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Assessing the impact of cultural change on parasitism has been a central goal in archaeoparasitology. The influence of civilization and the development of empires on parasitism has not been evaluated. Presented here is a preliminary analysis of the change in human parasitism associated with the Inca conquest of the Lluta Valley in Northern Chile. Changes in(More)
The exact timing, route, and process of the initial peopling of the Americas remains uncertain despite much research. Archaeological evidence indicates the presence of humans as far as southern Chile by 14.6 thousand years ago (ka), shortly after the Pleistocene ice sheets blocking access from eastern Beringia began to retreat. Genetic estimates of the(More)
Over one thousand prehistoric crania (n = 1,149) from northern Chile were analyzed to determine if the presence of external auditory exostosis (EAE) was a type of subsistence-induced pathology, a consequence of habitual fishing in the cold water of the Pacific Ocean, rather than genetically determined. To test this occupational hypothesis, the sample was(More)
The impact of expanding civilization on the health of American indigenous societies has long been studied. Most studies have focused on infections and malnutrition that occurred when less complex societies were incorporated into more complex civilizations. The details of dietary change, however, have rarely been explored. Using the analysis of starch(More)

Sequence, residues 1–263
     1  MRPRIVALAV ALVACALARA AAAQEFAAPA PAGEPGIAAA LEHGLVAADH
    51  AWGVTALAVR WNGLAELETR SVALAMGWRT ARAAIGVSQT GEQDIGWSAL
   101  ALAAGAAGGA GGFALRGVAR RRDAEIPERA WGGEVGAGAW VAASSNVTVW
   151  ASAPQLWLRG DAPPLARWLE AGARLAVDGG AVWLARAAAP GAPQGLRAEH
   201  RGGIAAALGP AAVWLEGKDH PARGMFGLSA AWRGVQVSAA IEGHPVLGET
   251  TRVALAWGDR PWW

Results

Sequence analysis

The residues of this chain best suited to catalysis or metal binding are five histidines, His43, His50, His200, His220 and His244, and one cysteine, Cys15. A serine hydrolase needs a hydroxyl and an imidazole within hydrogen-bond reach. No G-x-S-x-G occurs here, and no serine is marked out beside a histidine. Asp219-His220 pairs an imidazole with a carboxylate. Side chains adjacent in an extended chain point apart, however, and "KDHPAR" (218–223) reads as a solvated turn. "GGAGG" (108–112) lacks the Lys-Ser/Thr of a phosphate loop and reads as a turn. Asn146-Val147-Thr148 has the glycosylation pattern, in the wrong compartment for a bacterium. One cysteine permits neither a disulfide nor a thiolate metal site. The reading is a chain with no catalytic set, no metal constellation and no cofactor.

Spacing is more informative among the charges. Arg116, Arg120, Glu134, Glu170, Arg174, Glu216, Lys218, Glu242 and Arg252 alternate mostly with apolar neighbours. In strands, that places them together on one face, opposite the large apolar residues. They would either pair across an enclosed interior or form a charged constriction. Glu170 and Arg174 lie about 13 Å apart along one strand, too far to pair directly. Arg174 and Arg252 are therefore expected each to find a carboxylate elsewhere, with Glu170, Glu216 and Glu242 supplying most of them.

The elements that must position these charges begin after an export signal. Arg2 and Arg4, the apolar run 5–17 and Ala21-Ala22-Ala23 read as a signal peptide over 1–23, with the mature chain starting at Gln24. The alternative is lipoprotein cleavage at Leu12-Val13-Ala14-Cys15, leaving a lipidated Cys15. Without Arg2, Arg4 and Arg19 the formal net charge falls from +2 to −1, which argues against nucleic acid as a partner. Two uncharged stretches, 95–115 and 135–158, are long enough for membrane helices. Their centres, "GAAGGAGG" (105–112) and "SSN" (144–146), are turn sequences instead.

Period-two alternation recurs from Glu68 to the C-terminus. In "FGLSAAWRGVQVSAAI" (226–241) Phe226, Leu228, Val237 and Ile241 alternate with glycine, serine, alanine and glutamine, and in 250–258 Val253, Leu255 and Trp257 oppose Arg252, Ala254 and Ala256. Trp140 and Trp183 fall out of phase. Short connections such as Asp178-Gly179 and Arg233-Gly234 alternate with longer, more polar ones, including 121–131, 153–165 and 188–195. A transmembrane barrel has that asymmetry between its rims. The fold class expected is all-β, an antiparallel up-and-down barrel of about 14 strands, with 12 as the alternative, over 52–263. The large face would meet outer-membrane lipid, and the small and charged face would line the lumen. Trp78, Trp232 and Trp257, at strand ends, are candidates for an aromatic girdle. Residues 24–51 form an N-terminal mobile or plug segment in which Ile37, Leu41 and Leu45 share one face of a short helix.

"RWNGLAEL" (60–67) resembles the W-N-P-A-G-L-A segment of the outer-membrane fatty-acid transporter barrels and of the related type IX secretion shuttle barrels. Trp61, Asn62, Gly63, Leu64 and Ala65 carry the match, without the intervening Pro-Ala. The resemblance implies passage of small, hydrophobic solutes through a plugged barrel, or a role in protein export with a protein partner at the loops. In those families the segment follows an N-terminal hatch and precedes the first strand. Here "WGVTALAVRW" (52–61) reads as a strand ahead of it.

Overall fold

The emergence of complex cultural practices in simple hunter-gatherer groups poses interesting questions on what drives social complexity and what causes the emergence and disappearance of cultural innovations. Here we analyze the conditions that underlie the emergence of artificial mummification in the Chinchorro culture in the coastal Atacama Desert in(More)
Archeological evidence suggests that the iconographic and technological developments that took place in the highlands around Lake Titicaca in the Central Andean region had an influence on the cultural elaborations of the human groups in the valleys and the Pacific coast of northern Chile. In a previous communication, we were able to show, by means of a(More)
The impact of expanding civilization on the health of American indigenous societies has long been studied. Most studies have focused on infections and malnutrition that occurred when less complex societies were incorporated into more complex civilizations. The details of dietary change, however, have rarely been explored. Using the analysis of starch(More)
Sophisticated molecular genetics techniques allow the typification and posterior comparison of antique haplogroups and mitochondrial DNA sequences from prehistoric groups with contemporary populations. This adds a chronological dimension to these studies and contributes to have a better knowledge of the genetic composition of the Chilean population. This(More)
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